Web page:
This award reflects NSF's statutory mission and has been deemed worthy of support through evaluation using the Foundation's intellectual merit and broader impacts review criteria.

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Original Discussion from the 2020 STEM For All Video Showcase
  • May 4, 2020 | 06:34 p.m.

    I'd love to hear more about your STEM hubs.  Our project at the Belle Isle Aquarium in Detroit is place-based on an island in the Detroit River.  But what a great idea to bring an Aquarium STEM extension into the urban neighborhoods themselves.  What do the hubs have in them? who uses them?  We invite you to visit our ITEST showcase video and virtual field trips (https://www.biaquariumstem.org/virtual-field-trip.html, a result of COVID-19).  BTW, we love mollusks, too!  Unfortunately, our molluscan invaders, the zebra and quagga mussels, have killed off most of our native mussels.

  • Icon for: Dr. Lauren Birney

    Dr. Lauren Birney

    Lead Presenter
    Professor of STEM Education
    May 5, 2020 | 08:41 a.m.

    Dear Jeffrey - thank you for watching our video! I would love to chat further - I will check out your video! thanks again - Lauren :)

  • Icon for: Suzanne Kirk

    Suzanne Kirk

    Curriculum Coordinator
    May 5, 2020 | 12:08 a.m.

    I am so excited to view your video for two reasons: 1) I grew up on Long Island, surrounded by the Great South Bay and “Baymen.” I have always been interested in the ecology and economics of Long Island’s marine aquaculture. 2) I am currently working with a NOAA B-Wet grant at Virginia Commonwealth University that introduces students and teachers to the role that freshwater mussels and oysters play in the health of the Chesapeake Bay watershed. I would love to learn more about your project and the curriculum resources that you use. Thank you for sharing your project

     
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    Discussion is closed. Upvoting is no longer available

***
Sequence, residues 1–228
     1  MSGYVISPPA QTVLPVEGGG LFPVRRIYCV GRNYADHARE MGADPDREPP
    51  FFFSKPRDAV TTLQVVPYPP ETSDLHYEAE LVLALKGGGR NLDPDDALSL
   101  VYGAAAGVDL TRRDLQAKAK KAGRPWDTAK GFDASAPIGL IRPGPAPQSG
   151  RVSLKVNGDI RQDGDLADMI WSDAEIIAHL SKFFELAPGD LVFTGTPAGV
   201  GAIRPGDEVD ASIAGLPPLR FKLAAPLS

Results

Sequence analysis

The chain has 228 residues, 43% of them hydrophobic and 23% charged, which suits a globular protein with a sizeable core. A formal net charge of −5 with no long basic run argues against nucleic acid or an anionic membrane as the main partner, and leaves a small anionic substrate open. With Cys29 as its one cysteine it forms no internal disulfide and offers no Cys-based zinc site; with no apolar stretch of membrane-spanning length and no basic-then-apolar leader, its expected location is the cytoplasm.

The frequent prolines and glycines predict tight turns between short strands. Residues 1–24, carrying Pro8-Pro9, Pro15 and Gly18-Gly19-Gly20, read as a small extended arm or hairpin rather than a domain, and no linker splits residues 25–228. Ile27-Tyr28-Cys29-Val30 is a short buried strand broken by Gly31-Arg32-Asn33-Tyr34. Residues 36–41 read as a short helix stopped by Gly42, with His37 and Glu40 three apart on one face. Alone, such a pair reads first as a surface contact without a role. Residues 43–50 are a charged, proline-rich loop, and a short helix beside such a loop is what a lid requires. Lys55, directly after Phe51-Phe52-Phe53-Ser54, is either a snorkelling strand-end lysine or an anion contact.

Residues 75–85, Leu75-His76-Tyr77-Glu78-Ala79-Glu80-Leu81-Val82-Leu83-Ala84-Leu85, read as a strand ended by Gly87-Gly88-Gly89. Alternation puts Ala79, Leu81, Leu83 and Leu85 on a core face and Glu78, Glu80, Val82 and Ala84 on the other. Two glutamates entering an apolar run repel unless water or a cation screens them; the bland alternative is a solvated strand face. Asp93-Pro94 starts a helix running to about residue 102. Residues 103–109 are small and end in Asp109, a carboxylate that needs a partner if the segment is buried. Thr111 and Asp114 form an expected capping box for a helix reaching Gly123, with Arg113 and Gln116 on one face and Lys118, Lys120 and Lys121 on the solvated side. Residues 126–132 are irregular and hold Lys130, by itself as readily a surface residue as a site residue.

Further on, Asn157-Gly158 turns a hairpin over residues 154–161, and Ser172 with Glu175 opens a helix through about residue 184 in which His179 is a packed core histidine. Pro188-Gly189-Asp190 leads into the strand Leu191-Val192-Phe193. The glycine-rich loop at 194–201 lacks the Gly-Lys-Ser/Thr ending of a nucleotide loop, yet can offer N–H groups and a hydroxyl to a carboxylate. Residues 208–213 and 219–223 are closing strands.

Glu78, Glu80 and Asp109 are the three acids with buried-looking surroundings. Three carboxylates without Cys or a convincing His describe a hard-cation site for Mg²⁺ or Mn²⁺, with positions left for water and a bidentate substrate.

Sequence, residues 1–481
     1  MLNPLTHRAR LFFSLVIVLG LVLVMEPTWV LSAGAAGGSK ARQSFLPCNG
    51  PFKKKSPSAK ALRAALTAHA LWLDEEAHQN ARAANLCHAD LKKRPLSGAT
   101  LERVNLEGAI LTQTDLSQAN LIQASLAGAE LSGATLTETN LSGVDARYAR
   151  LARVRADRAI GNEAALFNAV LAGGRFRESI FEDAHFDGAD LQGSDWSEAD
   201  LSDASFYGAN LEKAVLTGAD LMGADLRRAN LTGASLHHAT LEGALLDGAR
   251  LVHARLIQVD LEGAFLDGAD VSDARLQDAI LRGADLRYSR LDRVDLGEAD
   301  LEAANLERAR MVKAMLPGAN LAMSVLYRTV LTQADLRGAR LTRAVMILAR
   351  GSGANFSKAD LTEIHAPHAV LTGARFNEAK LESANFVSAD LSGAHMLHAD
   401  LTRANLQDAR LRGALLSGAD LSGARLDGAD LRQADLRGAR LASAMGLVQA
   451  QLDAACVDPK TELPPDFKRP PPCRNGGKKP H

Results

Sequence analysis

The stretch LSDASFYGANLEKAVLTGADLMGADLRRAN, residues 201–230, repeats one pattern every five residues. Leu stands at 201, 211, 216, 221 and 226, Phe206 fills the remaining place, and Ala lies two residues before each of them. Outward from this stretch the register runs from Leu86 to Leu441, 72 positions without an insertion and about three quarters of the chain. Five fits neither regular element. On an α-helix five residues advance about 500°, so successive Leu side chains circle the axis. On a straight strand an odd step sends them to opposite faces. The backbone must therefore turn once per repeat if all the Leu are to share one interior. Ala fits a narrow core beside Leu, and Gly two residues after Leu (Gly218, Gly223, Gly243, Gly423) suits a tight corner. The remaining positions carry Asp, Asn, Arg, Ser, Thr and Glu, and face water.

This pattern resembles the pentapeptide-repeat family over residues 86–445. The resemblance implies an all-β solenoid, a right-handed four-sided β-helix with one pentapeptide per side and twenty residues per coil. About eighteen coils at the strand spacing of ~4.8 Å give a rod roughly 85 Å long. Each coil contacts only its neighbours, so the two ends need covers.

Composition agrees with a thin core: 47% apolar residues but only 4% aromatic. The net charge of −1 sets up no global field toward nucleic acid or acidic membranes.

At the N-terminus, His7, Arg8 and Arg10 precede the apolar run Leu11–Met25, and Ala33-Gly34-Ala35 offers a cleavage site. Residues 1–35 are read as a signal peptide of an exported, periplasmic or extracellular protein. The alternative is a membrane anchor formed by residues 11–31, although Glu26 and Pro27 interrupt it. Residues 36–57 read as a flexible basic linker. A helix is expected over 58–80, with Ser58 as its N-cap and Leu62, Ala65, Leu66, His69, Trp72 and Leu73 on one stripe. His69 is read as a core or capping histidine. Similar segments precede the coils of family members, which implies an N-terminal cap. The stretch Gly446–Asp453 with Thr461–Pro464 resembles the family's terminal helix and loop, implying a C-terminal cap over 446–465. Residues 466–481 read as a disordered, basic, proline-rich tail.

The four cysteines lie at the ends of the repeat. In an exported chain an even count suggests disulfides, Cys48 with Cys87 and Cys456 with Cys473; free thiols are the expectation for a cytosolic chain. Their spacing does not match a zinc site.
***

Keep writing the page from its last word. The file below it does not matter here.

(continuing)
Pati Ruiz
    James Vonesh
  • Icon for: Dr. Lauren Birney

    Dr. Lauren Birney

    Lead Presenter
    Professor of STEM Education
    May 5, 2020 | 08:35 a.m.

    Thanks so very much, Suzanne! I hope you enjoy it - New York Harbor is our passion !

     
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    Pati Ruiz
  • Icon for: Leslie Koren

    Leslie Koren

    Assistant Professor of Media Arts
    May 5, 2020 | 08:37 a.m.

    Great topic serving an important population. 

     
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    Discussion is closed. Upvoting is no longer available

    Jill Rhoden
  • Icon for: Dr. Lauren Birney

    Dr. Lauren Birney

    Lead Presenter
    Professor of STEM Education
    May 5, 2020 | 08:39 a.m.

    Thank you for watching our video, Leslie :) !

  • Icon for: James Vonesh

    James Vonesh

    Researcher
    May 5, 2020 | 10:01 a.m.

    Enjoyed your project video - thanks for sharing! I am participating in the same project as Sue Kirk above. I am just starting to explore these videos, but I am already excited to see some overlapping themes. This makes me wonder about opportunities to connect classrooms across projects and across the country on these shared topics. We have middle school classes investigating aspects of oyster and freshwater mussel biology, conservation, and ecosystem services as well. I wonder what you think about connecting some of your classes with ours through ZOOM etc in the year(s) ahead.